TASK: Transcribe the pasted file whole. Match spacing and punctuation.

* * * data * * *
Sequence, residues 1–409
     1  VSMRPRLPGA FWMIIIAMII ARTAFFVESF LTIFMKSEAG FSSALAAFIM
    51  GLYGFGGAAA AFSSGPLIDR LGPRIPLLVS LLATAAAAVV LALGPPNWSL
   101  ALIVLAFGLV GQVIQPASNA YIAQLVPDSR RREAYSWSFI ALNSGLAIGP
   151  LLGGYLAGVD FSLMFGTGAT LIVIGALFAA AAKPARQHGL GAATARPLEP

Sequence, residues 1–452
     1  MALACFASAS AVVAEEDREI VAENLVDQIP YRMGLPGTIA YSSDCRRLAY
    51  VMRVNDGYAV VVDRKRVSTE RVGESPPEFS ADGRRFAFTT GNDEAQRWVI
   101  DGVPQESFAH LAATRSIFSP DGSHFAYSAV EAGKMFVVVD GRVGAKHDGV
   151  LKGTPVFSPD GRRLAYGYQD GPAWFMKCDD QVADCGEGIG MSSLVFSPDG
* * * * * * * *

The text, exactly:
Sequence, residues 1–409
     1  VSMRPRLPGA FWMIIIAMII ARTAFFVESF LTIFMKSEAG FSSALAAFIM
    51  GLYGFGGAAA AFSSGPLIDR LGPRIPLLVS LLATAAAAVV LALGPPNWSL
   101  ALIVLAFGLV GQVIQPASNA YIAQLVPDSR RREAYSWSFI ALNSGLAIGP
   151  LLGGYLAGVD FSLMFGTGAT LIVIGALFAA AAKPARQHGL GAATARPLEP

Sequence, residues 1–452
     1  MALACFASAS AVVAEEDREI VAENLVDQIP YRMGLPGTIA YSSDCRRLAY
    51  VMRVNDGYAV VVDRKRVSTE RVGESPPEFS ADGRRFAFTT GNDEAQRWVI
   101  DGVPQESFAH LAATRSIFSP DGSHFAYSAV EAGKMFVVVD GRVGAKHDGV
   151  LKGTPVFSPD GRRLAYGYQD GPAWFMKCDD QVADCGEGIG MSSLVFSPDG